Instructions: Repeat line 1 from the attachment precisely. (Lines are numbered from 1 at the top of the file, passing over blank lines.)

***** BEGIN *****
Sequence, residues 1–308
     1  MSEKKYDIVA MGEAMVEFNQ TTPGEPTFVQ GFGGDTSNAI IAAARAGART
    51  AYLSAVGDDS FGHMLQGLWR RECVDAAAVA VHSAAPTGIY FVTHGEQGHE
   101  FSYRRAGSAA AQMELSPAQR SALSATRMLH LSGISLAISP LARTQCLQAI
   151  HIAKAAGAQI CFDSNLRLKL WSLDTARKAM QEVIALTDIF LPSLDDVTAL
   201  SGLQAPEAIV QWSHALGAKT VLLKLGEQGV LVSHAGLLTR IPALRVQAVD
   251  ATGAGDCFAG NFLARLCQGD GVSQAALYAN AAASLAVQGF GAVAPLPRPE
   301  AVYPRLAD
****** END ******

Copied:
Sequence, residues 1–308